New York — The electric vehicle battery business needs vertical integration and digitization to improve supply chain transparency and for the industry to have the full backing of the environmental, social and governance-investor community, according to market participants, speaking with S&P Global Platts.
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As the world continues to move toward electrification, there is an increased requirement for more and more raw material such as lithium, nickel and cobalt.
The bulk of the world's cobalt comes from the Democratic Republic of Congo, around 60% of supply and 80% of reserves. But in a country that is dependent on artisanal mining, this can lead to questions of where the metal -- and indeed how the material -- has been mined.
One senior Japanese trader agreed that he did not believe there was a lack of cobalt in the world. Instead, there was a lack of trust and transparency regarding the supply chain out of the DRC. He said that this needed to be addressed so the market could move forward.
Technology houses such as Johnson Matthey have been working on new systems that near enough eradicate cobalt from EV batteries. However, many question how long this will take to market and whether it would even be possible to be 100% cobalt free.
As battery makers race to secure supplies of raw materials, some are believed to be considering the optionality of locking in artisanal material.
Speaking to S&P Global Platts, Costa Caldis, COO at transparent supply chain management firm SAFE, said: "The real problem we have is trust. End-users do not have a high level of trust in their supply chains. Trust comes from transparency, currently visibility along the supply chain is limited because it is predominantly a paper-based business. Players up and down the supply chain need to work on digitizing their business to create the accountability that's needed."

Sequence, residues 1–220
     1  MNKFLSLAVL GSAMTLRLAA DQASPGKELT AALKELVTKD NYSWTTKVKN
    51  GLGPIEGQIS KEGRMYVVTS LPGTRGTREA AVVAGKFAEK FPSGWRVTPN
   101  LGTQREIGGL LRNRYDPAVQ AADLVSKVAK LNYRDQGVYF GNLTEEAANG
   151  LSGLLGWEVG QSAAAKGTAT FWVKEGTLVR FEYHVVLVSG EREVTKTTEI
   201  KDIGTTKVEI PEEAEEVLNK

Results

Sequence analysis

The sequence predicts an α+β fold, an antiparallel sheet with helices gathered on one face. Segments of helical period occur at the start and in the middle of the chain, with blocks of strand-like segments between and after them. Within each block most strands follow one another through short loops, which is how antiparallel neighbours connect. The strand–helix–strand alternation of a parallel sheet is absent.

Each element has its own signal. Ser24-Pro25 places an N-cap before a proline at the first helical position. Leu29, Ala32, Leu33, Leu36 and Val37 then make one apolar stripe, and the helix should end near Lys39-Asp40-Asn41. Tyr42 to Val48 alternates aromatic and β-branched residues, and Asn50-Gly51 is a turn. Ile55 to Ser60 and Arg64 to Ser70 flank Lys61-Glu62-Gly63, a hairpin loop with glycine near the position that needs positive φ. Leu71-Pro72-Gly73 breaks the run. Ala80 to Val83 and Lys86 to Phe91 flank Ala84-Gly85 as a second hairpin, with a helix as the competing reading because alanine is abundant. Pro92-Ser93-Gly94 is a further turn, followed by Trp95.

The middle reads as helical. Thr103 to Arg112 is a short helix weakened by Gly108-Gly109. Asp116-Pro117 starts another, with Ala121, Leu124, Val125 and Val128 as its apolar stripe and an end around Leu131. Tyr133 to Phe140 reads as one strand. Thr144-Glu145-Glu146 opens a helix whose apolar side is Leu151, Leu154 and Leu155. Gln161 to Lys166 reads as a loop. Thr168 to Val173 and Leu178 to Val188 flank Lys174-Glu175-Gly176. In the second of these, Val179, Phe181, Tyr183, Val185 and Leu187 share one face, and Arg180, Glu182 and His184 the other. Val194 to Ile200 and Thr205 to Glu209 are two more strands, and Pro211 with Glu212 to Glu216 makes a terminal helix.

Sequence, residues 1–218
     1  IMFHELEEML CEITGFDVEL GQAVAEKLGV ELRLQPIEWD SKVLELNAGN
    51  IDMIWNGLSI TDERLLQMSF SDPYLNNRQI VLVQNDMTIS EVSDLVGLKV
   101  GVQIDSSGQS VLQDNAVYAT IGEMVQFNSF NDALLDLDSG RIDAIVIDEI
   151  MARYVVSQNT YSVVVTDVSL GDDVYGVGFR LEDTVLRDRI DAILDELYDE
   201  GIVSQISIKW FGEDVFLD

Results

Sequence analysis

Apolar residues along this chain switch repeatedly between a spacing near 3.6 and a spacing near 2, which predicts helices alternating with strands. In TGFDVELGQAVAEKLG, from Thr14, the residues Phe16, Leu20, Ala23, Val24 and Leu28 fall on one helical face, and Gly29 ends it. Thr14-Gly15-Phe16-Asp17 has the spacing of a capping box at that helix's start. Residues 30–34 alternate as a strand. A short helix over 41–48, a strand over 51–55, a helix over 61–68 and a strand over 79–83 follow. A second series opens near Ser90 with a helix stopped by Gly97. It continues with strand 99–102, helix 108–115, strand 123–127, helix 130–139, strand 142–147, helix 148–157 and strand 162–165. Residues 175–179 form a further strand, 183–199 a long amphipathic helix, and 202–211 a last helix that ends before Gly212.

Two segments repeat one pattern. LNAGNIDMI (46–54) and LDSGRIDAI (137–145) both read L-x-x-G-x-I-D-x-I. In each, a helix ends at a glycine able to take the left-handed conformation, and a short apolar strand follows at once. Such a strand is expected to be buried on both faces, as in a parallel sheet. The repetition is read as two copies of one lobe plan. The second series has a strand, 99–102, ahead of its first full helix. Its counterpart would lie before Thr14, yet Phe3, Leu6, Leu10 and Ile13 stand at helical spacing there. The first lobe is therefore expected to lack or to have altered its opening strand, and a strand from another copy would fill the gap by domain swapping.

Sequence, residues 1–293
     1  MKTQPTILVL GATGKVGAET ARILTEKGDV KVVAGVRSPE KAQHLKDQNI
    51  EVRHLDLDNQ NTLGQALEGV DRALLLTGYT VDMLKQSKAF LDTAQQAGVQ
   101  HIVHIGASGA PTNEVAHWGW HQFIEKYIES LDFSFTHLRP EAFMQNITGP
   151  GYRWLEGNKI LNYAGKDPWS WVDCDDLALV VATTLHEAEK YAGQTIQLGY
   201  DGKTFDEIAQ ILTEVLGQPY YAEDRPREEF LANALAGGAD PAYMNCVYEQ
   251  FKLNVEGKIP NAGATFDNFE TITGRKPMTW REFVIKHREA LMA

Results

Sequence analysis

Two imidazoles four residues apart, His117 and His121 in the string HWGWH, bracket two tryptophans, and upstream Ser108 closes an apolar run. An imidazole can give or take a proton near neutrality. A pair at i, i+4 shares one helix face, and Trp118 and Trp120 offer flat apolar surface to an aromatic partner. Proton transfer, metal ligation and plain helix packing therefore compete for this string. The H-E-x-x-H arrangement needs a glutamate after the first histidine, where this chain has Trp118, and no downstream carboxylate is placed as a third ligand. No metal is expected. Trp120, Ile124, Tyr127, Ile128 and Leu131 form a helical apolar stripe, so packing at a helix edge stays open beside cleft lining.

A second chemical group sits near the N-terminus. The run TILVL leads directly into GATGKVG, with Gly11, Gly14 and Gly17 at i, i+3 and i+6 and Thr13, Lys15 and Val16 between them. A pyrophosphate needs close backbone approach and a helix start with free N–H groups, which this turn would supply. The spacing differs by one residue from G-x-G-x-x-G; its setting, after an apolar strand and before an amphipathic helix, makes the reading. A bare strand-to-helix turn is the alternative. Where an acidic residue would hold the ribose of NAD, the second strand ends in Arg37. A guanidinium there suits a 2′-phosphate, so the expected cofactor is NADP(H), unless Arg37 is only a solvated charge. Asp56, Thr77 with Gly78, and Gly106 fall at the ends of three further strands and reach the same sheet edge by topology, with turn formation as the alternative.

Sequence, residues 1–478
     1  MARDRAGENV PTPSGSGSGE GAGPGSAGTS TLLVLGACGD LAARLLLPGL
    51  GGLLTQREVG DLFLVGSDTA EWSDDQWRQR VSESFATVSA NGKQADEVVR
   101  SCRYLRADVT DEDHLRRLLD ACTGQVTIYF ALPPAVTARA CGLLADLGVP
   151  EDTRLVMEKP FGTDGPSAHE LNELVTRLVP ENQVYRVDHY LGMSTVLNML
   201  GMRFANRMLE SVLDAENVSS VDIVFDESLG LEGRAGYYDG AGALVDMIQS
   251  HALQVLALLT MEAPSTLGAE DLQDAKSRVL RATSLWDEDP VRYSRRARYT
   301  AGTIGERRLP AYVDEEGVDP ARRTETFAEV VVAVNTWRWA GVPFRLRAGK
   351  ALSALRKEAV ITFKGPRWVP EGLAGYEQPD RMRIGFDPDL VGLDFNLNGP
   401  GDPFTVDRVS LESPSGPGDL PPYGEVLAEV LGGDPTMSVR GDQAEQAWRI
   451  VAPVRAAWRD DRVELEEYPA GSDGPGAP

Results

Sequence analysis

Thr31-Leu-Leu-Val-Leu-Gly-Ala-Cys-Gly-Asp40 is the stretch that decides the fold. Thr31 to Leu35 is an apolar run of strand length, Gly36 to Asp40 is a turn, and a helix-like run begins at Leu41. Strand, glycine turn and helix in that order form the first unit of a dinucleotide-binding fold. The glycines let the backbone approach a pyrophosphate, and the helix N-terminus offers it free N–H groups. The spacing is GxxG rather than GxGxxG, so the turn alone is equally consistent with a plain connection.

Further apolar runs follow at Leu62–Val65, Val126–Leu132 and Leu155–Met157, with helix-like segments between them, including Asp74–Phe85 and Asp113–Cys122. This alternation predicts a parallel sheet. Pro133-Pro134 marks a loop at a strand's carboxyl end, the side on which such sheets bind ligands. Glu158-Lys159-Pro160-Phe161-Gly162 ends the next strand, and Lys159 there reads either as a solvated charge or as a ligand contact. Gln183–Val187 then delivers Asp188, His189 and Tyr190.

Battery producers on hunt
In the cobalt trading market, sources have been noting that there is a lack of cobalt hydroxide availability, which could result in battery makes struggling to secure tier one cobalt supply.
One market source told S&P Global Platts that artisanal cobalt is already likely hitting the supply chain, sometimes by being mixed with traceable material and blended in.
"Cobalt is becoming more and more sought after, even with battery technologies aiming to use less and less. It's not difficult for less scrupulous individuals to mix it in with other batches," the source said.
Still, this kind of behavior is countered by good corporate governance elsewhere.
Late 2020 global diversified natural resources company Eurasian Resources Group (ERG) has committed its Metalkol copper/cobalt facility in the Democratic Republic of the Congo to conforming with the Responsible Minerals Assurance Process (RMAP), a flagship program of the Responsible Minerals Initiative (RMI).
The aim of the RMAP is to help companies and organizations make informed choices about responsibly sourced minerals in their supply chains. The RMAP uses an independent third-party assessment of smelter/refiner management systems and sourcing practices to validate conformance with RMAP standards.
Market needs transparency
Benedikt Sobotka, CEO of ERG and co-chair of the Global Battery Alliance, said: "Cobalt's role in the world economy is only set to increase as it is a key ingredient in lithium-ion batteries for electric vehicles and energy storage which will power the green recovery. It is vital that the cobalt in these products is sourced responsibly and sustainably, and we have committed to this through our Clean Cobalt Framework, the Cobalt Industry Responsible Assessment Framework and the RMAP."
Speaking to S&P Global Platts Jan. 21 EV battery start-up Britishvolt CEO and founder Orral Nadjari said that it is essential for a business such as his to have access to a transparent supply chain, that is both ethical and sustainable.
"Minerals such as cobalt and nickel will be in increasing demand, and it is essential that the wider industry, alongside consumers, all play our part in powering the energy transition as diligently as possible," he said.
Britishvolt confirmed late 2020 that the plant will be built in Blyth, Northumberland, with construction planned to commence in summer 2021. Initial production is scheduled for 2023, with construction of further phases out to 2027 as output of EV batteries ramps up.